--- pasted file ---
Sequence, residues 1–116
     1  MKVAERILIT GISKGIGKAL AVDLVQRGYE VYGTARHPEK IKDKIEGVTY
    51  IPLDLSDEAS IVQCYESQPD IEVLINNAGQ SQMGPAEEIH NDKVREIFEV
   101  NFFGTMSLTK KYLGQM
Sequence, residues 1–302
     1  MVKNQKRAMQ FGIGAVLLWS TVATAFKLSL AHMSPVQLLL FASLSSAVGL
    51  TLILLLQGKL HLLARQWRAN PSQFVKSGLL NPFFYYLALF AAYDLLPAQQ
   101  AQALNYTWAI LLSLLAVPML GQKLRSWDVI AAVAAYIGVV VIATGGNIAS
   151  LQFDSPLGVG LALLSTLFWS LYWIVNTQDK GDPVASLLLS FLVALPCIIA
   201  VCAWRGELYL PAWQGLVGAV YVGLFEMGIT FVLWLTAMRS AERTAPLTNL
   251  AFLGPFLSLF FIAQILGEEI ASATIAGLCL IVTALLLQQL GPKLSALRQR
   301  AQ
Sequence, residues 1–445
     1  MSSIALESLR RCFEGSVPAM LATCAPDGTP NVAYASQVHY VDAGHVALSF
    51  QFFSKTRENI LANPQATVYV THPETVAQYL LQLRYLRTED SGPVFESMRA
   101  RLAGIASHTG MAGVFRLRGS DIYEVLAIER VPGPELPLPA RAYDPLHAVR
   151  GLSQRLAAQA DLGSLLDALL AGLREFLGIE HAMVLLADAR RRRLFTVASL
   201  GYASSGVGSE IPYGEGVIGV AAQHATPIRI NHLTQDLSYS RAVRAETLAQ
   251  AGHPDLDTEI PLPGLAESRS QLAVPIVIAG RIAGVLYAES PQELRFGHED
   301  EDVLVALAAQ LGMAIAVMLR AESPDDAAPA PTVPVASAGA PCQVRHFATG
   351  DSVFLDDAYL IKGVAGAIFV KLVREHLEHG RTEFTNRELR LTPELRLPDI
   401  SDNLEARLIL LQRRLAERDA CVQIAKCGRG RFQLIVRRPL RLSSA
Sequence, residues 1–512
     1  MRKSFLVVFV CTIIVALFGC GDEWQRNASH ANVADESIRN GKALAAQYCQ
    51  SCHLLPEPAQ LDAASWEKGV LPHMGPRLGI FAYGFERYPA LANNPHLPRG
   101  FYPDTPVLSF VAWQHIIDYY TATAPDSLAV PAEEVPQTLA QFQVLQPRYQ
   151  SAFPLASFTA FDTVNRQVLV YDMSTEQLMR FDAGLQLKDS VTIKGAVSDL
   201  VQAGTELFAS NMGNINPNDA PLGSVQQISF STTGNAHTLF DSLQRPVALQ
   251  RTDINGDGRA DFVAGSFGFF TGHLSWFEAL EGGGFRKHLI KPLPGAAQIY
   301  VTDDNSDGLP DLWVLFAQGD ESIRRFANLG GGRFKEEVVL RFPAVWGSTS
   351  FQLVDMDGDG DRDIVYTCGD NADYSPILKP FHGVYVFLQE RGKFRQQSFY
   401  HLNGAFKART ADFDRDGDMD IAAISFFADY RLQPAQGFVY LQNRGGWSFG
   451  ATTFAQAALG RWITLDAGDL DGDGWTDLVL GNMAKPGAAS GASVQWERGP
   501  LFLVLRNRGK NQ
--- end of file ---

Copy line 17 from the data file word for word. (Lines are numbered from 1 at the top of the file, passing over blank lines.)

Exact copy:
   151  GLSQRLAAQA DLGSLLDALL AGLREFLGIE HAMVLLADAR RRRLFTVASL